Algebra Gets "Real"

When imagining a headquarters for the fictitious social media development firm they created in a recent math class project, three students dreamed big. The Manhattan Company student "executives" gave themselves offices at 20 West 34th Street in New York City because, they said, "that's the Empire State Building!"

The lofty address was a fitting one considering the ambitious nature of the trio's challenge. The students — Caroline Samoluk '21, Yuto Sugiyama Lam '22 and Tristan Witz '21 — had to develop a specific social media plan to maximize the number of hits on Brooks School's website, factoring in the real-world constraints of time and resources, using algebraic formulas.

Their group was one of ten participating in the "Linear Programming in Brooks' 'Real World'" project created for Algebra II Honors students by mathematics teachers Tote Smith P'18, P'20, P'22 and Doug Burbank H'98, P'11. Each group was tasked with essentially acting as management consultants for various departments at Brooks School and transforming a real-life situation into mathematical inequalities.

The student groups began by interviewing one faculty or staff member from either admission, advancement, communications, the deans' office or student activities on campus to try to understand a challenge that the person faces in a single aspect of his or her job. (For the Manhattan Company, who met with Brooks' assistant director of communications, that meant coming up with a plan for how to best deploy social media posts about sports versus all other school-related news).

The students gathered information from each participating faculty or staff member about how to maximize or minimize that piece of the adult's job. (That translated for Communications into considering how many posts about sports it would be ideal to create each week — so that athletics isn't featured more than double the number of times that other areas of school life are highlighted, without increasing the total number of posts to audience fatigue — within the a 40-hour work week).

After that one-on-one, students met alone with their group to figure out how to use the data they'd gathered in formulas illustrating the situation on a graph. (The Manhattan Company created three main algebraic equations for Communications: one about audience fatigue; a second one representing the ratio of sports-themed social media posts to posts about all other things; and a third one focused on the number of hours required to create social media posts).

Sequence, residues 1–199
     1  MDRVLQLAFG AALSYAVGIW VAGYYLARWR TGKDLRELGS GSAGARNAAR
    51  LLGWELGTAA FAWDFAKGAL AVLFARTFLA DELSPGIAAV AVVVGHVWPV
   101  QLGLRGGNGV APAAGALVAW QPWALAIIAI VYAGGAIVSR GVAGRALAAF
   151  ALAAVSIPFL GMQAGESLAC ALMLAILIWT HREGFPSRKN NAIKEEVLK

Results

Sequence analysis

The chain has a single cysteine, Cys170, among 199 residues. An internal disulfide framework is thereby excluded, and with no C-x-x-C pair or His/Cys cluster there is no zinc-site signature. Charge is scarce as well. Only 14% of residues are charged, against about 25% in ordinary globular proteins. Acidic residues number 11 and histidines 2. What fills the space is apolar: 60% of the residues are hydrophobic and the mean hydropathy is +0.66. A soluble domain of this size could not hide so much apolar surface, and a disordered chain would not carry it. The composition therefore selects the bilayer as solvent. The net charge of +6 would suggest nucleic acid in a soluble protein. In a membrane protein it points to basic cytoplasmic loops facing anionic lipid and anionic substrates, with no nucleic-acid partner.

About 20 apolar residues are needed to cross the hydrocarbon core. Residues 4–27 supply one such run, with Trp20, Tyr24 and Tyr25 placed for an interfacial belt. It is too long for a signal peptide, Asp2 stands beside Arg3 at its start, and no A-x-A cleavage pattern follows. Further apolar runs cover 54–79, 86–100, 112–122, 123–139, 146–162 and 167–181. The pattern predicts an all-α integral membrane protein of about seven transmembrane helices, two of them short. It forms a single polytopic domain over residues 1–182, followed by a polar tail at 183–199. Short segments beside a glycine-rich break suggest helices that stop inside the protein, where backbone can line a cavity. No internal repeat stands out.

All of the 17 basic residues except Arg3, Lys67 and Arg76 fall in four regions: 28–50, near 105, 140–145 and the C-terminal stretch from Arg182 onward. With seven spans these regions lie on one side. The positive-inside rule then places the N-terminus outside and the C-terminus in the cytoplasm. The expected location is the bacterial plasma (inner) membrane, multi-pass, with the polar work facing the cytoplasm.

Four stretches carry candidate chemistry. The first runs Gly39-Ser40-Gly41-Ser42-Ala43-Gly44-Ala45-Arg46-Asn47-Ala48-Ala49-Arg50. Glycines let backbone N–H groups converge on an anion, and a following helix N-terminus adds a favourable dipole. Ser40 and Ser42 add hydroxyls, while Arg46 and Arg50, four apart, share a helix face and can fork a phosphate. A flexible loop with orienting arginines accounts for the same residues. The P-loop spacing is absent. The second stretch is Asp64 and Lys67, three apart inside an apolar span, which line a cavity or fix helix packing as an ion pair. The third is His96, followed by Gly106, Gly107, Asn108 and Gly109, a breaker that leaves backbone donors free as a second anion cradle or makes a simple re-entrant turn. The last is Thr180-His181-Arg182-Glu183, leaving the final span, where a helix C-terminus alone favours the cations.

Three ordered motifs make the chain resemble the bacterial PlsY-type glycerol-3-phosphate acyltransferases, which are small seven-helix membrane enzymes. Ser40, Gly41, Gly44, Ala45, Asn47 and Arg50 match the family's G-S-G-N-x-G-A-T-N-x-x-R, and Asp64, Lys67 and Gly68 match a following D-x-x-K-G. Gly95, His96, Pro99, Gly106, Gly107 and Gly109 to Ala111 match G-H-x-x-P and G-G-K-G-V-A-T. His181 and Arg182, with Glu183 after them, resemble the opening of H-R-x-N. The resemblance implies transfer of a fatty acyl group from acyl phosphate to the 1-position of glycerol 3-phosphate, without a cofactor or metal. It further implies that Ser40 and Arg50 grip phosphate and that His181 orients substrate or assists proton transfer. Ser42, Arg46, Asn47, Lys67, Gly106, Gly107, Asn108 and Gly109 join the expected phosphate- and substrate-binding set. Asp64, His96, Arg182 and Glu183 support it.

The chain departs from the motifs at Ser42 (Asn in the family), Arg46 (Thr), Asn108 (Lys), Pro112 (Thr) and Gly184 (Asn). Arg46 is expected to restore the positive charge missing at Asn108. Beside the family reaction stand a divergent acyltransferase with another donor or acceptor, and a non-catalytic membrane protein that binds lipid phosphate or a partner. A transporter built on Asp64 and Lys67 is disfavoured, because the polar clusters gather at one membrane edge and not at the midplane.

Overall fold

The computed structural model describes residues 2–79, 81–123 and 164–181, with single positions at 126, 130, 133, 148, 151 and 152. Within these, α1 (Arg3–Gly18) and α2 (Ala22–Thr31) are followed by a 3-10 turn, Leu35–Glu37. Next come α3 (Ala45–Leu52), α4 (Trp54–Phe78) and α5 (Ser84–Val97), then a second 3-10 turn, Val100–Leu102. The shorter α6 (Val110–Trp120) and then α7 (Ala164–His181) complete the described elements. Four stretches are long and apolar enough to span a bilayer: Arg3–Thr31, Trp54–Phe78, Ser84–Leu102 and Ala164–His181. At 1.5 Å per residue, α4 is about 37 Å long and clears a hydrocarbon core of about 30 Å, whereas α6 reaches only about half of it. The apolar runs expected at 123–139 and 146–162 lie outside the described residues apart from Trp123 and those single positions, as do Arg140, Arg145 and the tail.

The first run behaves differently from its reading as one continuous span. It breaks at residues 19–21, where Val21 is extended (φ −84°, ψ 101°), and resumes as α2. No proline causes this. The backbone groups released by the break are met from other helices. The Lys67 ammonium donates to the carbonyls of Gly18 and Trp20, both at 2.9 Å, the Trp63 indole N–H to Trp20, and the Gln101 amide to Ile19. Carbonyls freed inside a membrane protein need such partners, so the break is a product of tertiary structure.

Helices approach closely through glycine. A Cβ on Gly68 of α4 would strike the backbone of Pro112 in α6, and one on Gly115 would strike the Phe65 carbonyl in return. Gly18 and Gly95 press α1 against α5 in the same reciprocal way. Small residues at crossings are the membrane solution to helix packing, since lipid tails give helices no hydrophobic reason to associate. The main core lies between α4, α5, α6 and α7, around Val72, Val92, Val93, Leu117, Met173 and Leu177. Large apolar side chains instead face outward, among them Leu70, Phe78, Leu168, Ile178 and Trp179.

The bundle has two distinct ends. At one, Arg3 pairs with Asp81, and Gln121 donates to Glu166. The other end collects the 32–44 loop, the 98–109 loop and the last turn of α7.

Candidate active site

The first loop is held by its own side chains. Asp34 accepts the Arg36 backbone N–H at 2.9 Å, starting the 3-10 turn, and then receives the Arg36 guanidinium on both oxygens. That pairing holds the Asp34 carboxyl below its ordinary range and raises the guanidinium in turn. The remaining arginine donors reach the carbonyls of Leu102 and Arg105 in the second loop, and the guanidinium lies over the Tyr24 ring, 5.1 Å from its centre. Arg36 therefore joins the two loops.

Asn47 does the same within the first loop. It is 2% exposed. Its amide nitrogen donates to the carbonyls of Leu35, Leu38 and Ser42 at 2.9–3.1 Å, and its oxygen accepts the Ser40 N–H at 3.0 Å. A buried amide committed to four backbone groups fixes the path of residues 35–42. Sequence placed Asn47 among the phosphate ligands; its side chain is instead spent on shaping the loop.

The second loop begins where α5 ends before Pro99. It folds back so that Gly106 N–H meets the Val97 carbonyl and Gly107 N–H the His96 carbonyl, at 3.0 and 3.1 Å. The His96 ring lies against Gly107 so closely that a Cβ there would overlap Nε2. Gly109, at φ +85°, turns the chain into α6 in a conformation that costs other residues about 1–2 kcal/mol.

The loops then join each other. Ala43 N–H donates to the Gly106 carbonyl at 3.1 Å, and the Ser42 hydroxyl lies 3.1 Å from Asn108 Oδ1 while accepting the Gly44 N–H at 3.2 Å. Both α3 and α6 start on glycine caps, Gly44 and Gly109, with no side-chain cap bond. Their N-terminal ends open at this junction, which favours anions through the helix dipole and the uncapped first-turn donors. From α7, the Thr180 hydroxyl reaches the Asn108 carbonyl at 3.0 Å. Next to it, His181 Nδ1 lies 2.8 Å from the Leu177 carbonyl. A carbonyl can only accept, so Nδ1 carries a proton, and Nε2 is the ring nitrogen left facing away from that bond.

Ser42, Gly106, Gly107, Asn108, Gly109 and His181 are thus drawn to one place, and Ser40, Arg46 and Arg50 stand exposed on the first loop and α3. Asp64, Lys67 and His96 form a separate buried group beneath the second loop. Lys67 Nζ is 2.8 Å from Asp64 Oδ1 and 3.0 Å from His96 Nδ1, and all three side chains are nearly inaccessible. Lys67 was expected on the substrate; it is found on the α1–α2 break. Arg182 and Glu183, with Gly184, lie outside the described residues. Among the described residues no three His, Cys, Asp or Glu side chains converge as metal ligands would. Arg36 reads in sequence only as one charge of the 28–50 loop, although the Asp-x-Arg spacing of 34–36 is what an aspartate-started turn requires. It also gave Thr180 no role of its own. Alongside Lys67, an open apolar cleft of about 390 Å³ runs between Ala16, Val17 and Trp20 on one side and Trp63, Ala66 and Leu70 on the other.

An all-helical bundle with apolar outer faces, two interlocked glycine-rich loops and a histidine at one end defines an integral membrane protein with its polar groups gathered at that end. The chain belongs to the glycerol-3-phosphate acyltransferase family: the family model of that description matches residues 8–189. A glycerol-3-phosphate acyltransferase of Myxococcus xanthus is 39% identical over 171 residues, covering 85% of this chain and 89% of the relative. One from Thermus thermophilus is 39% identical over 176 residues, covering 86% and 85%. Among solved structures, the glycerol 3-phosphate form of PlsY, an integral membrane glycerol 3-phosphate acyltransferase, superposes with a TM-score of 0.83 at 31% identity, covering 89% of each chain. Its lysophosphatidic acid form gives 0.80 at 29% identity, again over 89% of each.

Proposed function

Once they devised their formulas, the students applied the data they'd gathered during their interview to the equations, and created a single graphic with information depicting a "feasible region," of successful activity. Each group was then able to identify the specific point at which the adult's efforts would be most successful for all three equations.

Learn more about academics at Brooks School on our overview page.

The students concluded their project with a presentation to the faculty or staff member sharing and explaining the group's findings. (The advice for Communications? Share 133 posts about sports a year and 67 posts about everything else).

"I hope from this experience students learn that there are no Xs and Ys outside of textbooks," said teacher Tote Smith. "I want them to know that these simple algebra tools we're learning about can really be used – and that they already have powerful tools, even as third- and fourth-formers."

As an added bonus, Smith said that talking with adults on campus about their jobs also provided students with a lesson. "It rounded out their understanding and appreciation for what it takes to make a place like Brooks run," he noted. "And it made them move outside their comfort zone... I think students got a great deal out of the whole exercise."

Brooks students can also intern in "the real world" by participating in our Students on the Forefront of Science program.

Oliver Kim '22 enjoyed the work because he said, "I felt like I was an actual consultant at a management firm." It also helped him improve his understanding of linear programming because "applying a math concept into a real-life situation is the hardest part, and I was able to practice that throughout the project," he explained.

Caroline Samoluk agreed, adding that, "this project helped me to understand linear programming better because it tied the numbers and formulas we had been working with to something easier to comprehend and that we all deal with in the real world."

What she enjoyed most was creating all of the supporting materials to pull off the consulting persona. "Making business cards, coming up with a company logo, and creating a formal business-meeting-style presentation was my favorite thing," she said. "I feel these parts of the project will be very helpful in the future and were a good introduction to the professional business world."

Before wrapping up for Thanksgiving break, the students got to watch some of their videotaped presentations, and get feedback from their teachers. "I want to impress upon them that the way your present a solution is as important, more important, than how you derive it," Smith said. "People who collaborate well in groups will inherit the world!"

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